Nowadays, an agreed framework is in place which puts meat on the bones of the statute books. The How Good Is Our Library Service (HGIOPLS) framework notes that “an adequate service is delivered through a planned strategic network of public libraries reflecting core functions”.

Those functions include free, universal access to hardcopy and electronic resources, community involvement, and the promotion of social justice, civic engagement and democracy.

Peter Reid, professor of librarianship at Robert Gordon University, drew up the framework alongside his colleague, Caroline Whitehead.

He said that while the lack of an universal understanding of what is meant by adequate was difficult, a narrow definition would present problems of its own.

“It’s incredibly vague in the legislation, and in some respects, that’s often perceived outside of the sector as a handicap, but within the sector, you’ve got to remember there are 32 different local authorities running 32 different library services,” he told Scotland on Sunday.

“If you define ‘adequate’ prescriptively, what would pass in Glasgow or Dumfries is not necessarily what would pass in Shetland or Clackmannanshire.

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“So on the one hand, ‘adequate’ seems very vague and unhelpful. On the other, it allows local authorities considerable latitude in terms of how they best serve their communities.”

How councils do that is often a source of unease and tension. Last year, Prof Reid co-authored a study into the response of councils when it came to library provision during the pandemic. The report, Libraries in Lockdown, highlighted “disturbing” views held by several local authority library managers about how the statutory designation of the service was perceived.

One interviewee said: “The statutory argument doesn’t carry any weight. Horrendous things have happened, and the fact it is a statutory service doesn’t seem to matter.”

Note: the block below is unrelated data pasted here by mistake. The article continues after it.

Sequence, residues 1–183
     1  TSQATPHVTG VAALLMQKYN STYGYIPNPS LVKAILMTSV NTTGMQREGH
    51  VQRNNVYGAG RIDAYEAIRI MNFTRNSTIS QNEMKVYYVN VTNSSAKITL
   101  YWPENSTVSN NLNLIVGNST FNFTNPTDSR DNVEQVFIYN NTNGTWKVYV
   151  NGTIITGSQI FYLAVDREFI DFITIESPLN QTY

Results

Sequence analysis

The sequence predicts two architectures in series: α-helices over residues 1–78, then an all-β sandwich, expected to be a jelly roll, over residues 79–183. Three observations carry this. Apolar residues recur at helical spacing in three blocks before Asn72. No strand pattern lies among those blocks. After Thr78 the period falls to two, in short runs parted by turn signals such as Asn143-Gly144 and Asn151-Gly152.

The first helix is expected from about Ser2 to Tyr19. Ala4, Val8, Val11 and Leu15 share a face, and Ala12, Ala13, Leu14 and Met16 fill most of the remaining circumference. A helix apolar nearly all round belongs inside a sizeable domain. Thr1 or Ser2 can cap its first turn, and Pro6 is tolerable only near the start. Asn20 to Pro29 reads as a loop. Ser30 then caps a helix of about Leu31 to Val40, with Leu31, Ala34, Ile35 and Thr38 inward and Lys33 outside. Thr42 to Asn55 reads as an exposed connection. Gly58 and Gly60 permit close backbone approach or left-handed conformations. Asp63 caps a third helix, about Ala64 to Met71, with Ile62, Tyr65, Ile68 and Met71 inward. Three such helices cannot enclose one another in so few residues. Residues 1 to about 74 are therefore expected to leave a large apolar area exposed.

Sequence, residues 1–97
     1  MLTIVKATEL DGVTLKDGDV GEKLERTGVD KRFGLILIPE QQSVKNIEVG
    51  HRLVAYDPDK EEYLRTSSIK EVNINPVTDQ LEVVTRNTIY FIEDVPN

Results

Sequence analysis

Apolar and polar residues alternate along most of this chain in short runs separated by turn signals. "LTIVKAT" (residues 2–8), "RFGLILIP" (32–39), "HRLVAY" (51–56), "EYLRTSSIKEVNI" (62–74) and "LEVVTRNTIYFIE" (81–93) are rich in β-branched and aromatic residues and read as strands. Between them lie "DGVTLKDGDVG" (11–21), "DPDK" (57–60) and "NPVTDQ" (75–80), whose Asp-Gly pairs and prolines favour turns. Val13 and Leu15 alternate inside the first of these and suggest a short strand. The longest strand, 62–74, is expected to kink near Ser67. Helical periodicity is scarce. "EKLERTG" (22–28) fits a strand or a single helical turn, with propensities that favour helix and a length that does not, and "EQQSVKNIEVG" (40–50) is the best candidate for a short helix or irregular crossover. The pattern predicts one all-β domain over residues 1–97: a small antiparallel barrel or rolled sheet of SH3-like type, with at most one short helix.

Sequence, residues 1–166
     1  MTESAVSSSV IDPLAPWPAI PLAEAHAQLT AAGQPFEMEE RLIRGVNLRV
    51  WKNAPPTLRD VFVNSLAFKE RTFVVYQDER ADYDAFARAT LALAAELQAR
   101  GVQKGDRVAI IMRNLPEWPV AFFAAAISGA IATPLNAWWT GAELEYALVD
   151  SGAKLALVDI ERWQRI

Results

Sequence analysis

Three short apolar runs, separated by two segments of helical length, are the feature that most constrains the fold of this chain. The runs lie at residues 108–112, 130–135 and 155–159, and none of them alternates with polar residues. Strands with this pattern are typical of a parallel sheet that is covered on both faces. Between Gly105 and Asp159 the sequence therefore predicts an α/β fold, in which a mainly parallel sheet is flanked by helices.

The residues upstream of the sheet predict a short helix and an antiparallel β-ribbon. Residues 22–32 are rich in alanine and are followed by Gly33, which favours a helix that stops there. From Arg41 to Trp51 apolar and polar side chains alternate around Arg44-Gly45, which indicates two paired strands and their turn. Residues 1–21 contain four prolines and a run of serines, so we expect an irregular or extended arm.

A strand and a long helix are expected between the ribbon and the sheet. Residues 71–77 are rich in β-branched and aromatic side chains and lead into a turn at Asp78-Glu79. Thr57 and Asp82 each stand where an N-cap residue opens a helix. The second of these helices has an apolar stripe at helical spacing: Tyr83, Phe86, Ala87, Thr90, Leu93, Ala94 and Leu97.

Another said: “Statutory means nothing here. They say that we could have one library open for one hour a week, and we’d fulfil the statutory duty.”

Prof Reid said such viewpoints, albeit from a small minority, demonstrated the need to maintain advocacy and strong support of both the statutory requirement, and what “adequate provision” entails.

Sean McNamara, head of the the Chartered Institute of Library and Information Professionals in Scotland (CILIPS), said the way councils interpret the meaning of adequate “says a lot about how they value the communities they serve”.

He explained: “For us, adequate means a service that meets community needs - that means local, well resourced financially, and with stock, IT, and staff. These things allow libraries to provide access, improve wellbeing, and reduce social isolation.

“We will always make the case that what defines adequate can only be decided by communities themselves, and if there are any changes to be made, there has to be a detailed community consultation.”

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While there have been threats of judicial reviews in the wake of some library cuts in recent years, no legal challenge of the statutory obligation has ever been brought to a Scottish court.

Mr McNamara believes that is testament to the “huge public pressure” brought about by communities.

“Whilst a clearer direction with the legislation would be wonderful, we realise that is very challenging,” he added. “We are content to continue advocating, and ensure local authorities realise the different libraries make to communities.”